FIGURE LEGENDS

FIG. 1. Detection of target biomolecule adsorption by AC conductance measurement

FIG. 2. Charging and discharging of a capacitor

FIG. 3. A schematic picture of a SET transistor

FIG. 4. The charging energy of a capacitance as a function of the charge

FIG. 5. Electrode configuration on chip, distance between electrodes are 10, 20, 30, 40 resp. 50 micron.

FIG. 6. Test of the chip sensitivity to different concentrations of NaCl in 10 mM TRIS buffer: a) 100 mM NaCl, b) 50 mM NaCl, c) 10 mM NaCl, d) 5 mM NaCl, e) 0 mM NaCl and f) air.

FIG. 7. S21 for a) thiol covered electrodes in buffer, b) after bi-layer formation, c) after binding of avidin and d) electrodes in air.

FIG. 8. S21 at 20 kHz for 1) electrodes in buffer, 2) electrodes covered by thiols, 3) bi-layer between electrodes and monolayer of lipids (5% biotin labeled lipids) on top of thiols and 4) Avidin coated gold particles binding to biotin in lipid bi- and monolayer

REFERENCES

  • 1. A self-assembled single-electron tunnelling transistor, S. H. M. Persson, L. Olofsson, L. Gunnarsson, Appl. Phys. Lett. Vol 74; no. 17; p 2546-8 (1999)
  • 2. Nanofabrication of self-assembled molecular-scale electronics Linda G. M. Olofsson, S. H. Magnus Persson, Alberto Morpurgo, Charles M. Marcus, Dimitri Golubev, Linda K. Gunnarsson, and Yimin Yao, J. Low Temp. Phys., vol 118, no. 5, p 343, (2000)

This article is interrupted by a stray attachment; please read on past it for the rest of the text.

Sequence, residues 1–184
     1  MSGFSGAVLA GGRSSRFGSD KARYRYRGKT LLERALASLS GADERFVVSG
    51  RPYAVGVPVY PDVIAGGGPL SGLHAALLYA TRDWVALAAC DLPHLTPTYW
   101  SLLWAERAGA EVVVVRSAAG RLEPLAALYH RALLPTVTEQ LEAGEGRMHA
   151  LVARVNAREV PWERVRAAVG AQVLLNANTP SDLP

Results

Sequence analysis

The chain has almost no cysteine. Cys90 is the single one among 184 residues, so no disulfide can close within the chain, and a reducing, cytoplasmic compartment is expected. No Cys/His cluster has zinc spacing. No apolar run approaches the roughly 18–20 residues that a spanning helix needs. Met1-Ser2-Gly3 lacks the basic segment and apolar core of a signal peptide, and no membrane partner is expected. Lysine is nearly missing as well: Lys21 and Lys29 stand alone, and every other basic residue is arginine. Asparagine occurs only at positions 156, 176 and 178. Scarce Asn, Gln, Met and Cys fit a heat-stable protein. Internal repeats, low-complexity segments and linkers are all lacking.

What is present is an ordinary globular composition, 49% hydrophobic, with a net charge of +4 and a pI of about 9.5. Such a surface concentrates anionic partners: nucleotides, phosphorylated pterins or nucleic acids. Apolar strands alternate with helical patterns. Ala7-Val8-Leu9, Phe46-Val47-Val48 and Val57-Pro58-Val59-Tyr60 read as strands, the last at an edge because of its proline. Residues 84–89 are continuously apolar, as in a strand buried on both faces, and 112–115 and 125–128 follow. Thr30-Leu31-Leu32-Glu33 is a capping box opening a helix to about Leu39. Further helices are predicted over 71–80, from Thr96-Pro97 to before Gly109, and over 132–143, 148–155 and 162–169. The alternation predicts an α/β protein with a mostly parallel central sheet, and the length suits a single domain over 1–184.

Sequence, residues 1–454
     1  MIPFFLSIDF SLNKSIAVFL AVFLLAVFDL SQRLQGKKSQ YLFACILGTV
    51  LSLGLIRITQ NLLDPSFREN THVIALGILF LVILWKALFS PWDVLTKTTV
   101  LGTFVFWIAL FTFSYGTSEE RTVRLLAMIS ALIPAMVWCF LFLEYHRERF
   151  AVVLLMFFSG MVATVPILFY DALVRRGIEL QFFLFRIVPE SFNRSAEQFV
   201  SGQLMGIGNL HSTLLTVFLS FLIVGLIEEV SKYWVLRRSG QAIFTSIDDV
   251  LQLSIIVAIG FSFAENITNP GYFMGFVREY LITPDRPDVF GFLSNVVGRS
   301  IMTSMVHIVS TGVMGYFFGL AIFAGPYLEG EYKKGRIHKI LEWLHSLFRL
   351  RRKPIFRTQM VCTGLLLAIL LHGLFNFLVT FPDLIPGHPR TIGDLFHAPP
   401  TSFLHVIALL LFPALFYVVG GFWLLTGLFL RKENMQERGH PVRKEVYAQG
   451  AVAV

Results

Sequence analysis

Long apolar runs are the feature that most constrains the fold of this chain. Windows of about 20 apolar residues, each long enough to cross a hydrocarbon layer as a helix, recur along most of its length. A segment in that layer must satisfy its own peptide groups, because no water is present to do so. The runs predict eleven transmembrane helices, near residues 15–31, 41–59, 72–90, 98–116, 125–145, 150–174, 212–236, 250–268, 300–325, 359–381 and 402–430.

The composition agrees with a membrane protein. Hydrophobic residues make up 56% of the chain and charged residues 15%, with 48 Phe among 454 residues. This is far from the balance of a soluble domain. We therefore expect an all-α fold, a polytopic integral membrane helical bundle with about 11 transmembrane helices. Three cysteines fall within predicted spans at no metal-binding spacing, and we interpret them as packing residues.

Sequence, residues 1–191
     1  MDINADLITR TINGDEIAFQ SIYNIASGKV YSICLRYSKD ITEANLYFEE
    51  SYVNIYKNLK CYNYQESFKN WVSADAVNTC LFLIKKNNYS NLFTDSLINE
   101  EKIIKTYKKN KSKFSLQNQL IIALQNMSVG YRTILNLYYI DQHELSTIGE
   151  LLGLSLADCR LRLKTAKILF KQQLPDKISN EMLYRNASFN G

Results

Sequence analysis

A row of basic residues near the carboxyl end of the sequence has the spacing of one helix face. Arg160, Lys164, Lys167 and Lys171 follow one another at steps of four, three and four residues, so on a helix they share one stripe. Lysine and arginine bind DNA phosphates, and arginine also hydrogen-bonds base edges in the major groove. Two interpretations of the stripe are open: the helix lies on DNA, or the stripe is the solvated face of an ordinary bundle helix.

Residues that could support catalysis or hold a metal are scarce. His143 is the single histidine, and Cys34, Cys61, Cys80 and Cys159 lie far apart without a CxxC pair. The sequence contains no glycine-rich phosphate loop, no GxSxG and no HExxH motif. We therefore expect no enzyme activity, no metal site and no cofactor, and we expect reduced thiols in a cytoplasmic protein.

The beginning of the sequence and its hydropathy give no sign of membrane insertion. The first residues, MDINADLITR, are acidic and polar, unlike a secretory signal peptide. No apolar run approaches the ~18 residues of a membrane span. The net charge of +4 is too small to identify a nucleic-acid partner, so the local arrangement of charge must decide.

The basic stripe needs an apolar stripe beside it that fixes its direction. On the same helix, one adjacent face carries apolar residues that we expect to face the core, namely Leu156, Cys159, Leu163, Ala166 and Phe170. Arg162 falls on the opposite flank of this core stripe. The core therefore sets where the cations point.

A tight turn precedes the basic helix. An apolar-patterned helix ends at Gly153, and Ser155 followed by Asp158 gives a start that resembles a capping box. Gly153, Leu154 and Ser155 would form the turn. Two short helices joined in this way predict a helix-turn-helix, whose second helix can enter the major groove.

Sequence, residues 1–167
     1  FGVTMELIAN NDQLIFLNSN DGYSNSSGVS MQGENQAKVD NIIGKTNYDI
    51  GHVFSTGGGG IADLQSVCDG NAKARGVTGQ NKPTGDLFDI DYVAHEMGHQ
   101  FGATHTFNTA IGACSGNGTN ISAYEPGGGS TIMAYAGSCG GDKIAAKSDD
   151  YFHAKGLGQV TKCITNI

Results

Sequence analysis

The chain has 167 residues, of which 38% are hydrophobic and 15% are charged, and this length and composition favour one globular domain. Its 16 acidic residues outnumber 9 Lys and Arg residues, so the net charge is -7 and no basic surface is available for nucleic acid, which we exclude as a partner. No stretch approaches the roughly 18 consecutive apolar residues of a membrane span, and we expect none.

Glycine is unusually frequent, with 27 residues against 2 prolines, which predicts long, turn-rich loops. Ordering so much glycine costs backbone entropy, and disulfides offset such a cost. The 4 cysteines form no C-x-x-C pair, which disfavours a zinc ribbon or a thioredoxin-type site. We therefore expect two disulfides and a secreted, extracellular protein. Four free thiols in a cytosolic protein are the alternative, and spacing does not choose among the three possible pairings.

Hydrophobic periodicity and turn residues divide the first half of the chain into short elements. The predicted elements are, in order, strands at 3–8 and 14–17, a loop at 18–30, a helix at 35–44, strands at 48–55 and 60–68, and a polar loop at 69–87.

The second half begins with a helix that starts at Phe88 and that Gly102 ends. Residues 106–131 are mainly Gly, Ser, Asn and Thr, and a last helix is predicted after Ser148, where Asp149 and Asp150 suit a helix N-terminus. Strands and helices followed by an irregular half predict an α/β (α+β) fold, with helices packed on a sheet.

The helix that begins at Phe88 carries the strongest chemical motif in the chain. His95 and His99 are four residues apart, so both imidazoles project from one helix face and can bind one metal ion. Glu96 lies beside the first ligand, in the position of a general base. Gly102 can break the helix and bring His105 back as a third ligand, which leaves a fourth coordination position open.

• 3. Principles of electron tunnelling spectroscopy E. L. Wolf, Oxford University Press (1985)
  • 4. D. Porath, A. Bezryadin, S. de Vries, and C. Dekker, preprint (1999)
  • 5. H. W. Fink, C. Schönenberger, Nature, vol 398, no. 6726, p. 407, (1999)
  • 6. K. K. Likharev, IEEE Transactions on magnetics 23, vol. 2; p. 1142 (1987)
  • 7. D. V. Averin, K. K. Likharev, Single electronics: A correlated transfer of single electrons and Cooper pairs in systems of small tunnel junctions. In Mesoscopic Phenomena in Solids.
  • 8. Single electron tunnelling, L. I. Glazman, J. Low Temp. Phys. vol 118, no. 5, p 247, (2000)
Classifications
U.S. Classification422/400, 422/98
International ClassificationG01N27/22, G01N27/12, G01N27/02
Cooperative ClassificationG01N33/5438, B82Y15/00, B82Y10/00, B82Y30/00, G01N27/3278
European ClassificationB82Y10/00, B82Y30/00, B82Y15/00, G01N27/02B, G01N33/543K2B, G01N27/22B, G01N27/12F